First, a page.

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Lessons from Ruth: Day 3

“Don’t call me Naomi,” she told them [the townspeople of Bethlehem]. “Call me Mara, because the Almighty has made my life very bitter. I went away full, but the Lord has brought me back empty.”
Ruth 1:21

After ten years in Moab, Naomi, once a woman of status and means, finds herself alone, having lost her husband, then her two sons. She is a widow in a pagan country, without a man’s protection. Her only hope is to return to Bethlehem and relatives, but more importantly, to Bethlehem and the God who defends the cause of the fatherless and the widow (Deut. 10:18).

Naomi’s words are profound: “I went away full, but the Lord has brought me back empty.” She meant it as condemnation; but the Lord meant her emptiness for good.

Naomi and Elimelech left Bethlehem filled with God’s law and God’s blessings, both material and spiritual. After a decade of 24-7 exposure to an immoral, godless culture, they weren’t only in Moab, Moab was in them. (“You know there are some good shows on Moabite television”, “Of course, I don’t approve of child sacrifice, but what are you going to do?”, “We would love to go back to Bethlehem, but the housing market is really down right now.”), Naomi’s greatest emptiness emanated from her God-starved soul.

“If you are not as close to God as you used to be, who moved?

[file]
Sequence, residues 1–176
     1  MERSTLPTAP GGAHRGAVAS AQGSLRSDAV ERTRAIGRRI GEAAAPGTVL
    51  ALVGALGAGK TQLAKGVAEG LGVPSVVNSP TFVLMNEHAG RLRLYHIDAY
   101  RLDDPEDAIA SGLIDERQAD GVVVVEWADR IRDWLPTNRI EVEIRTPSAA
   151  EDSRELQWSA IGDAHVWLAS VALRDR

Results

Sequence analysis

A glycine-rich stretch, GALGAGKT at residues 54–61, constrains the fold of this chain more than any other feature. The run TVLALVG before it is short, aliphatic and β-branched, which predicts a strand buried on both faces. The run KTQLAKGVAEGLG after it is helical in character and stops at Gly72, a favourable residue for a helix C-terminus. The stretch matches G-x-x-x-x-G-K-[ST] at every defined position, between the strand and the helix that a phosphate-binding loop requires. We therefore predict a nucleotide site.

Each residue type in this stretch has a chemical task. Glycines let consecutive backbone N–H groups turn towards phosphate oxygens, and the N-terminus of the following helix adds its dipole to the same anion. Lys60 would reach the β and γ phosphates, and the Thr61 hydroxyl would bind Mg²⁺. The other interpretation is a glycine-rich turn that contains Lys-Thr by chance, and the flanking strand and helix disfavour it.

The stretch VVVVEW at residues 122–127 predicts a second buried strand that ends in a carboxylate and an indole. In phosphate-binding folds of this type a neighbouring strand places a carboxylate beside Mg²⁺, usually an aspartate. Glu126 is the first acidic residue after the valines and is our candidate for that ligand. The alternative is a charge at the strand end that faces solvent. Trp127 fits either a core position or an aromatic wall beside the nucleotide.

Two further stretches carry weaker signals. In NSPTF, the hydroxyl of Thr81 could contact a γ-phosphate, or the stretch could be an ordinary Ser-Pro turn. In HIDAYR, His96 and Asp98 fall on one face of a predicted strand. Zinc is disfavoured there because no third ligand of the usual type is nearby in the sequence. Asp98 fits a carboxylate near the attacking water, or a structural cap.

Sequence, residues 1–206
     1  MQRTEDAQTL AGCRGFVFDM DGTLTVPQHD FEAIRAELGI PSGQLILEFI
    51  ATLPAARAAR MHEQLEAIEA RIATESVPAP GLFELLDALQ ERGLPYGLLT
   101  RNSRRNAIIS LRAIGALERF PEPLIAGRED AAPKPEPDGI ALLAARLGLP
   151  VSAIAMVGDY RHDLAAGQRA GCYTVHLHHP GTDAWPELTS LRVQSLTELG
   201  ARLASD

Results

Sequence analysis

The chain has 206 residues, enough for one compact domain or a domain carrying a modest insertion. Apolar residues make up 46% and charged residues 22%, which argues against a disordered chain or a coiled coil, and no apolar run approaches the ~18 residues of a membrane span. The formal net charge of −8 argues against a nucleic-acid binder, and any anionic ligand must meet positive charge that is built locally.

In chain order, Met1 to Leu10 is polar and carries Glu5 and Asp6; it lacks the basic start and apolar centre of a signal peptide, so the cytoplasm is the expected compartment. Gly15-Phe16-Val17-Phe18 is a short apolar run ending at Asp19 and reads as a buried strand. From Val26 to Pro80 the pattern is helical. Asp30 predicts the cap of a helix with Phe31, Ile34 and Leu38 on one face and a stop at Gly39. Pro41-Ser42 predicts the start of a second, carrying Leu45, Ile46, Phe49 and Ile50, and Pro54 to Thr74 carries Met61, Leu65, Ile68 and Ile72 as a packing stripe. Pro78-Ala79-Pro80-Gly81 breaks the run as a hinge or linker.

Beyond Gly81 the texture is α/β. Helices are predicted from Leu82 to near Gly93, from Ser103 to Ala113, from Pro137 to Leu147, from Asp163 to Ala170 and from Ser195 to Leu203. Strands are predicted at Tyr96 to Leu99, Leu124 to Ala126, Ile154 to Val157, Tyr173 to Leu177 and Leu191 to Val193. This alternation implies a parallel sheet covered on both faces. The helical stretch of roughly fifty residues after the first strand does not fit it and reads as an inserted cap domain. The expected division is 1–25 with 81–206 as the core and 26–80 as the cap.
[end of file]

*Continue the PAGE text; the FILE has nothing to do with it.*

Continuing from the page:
Haven’t we all been there? We leave our Christian home for university life and return exhausted. We move away from our Bible-teaching church and are slow to look for another, until we realize one day, that our life has a soul-deep hole in it. Our new friends are great people, but there is no spiritual dimension to our friendship and we find ourselves editing our conversation—and experiencing an inexplicable loneliness.

If we are fortunate, we will, like Naomi, experience a crisis that sends us back to God. Even if we arrive at His feet kicking and screaming, God can use our wandering and emptiness for His glory and our good. (How amazing.)

It is at this point that we are prepared to acknowledge--along with Naomi (formerly Mara) and countless others—the truth of the psalmist’s words:

Whom have I in heaven but you? And the earth has nothing I desire besides you. My flesh and my heart may fail, but God is the strength of my heart and my portion forever (Psalm 73: 25, 26).

Nancy Shirah

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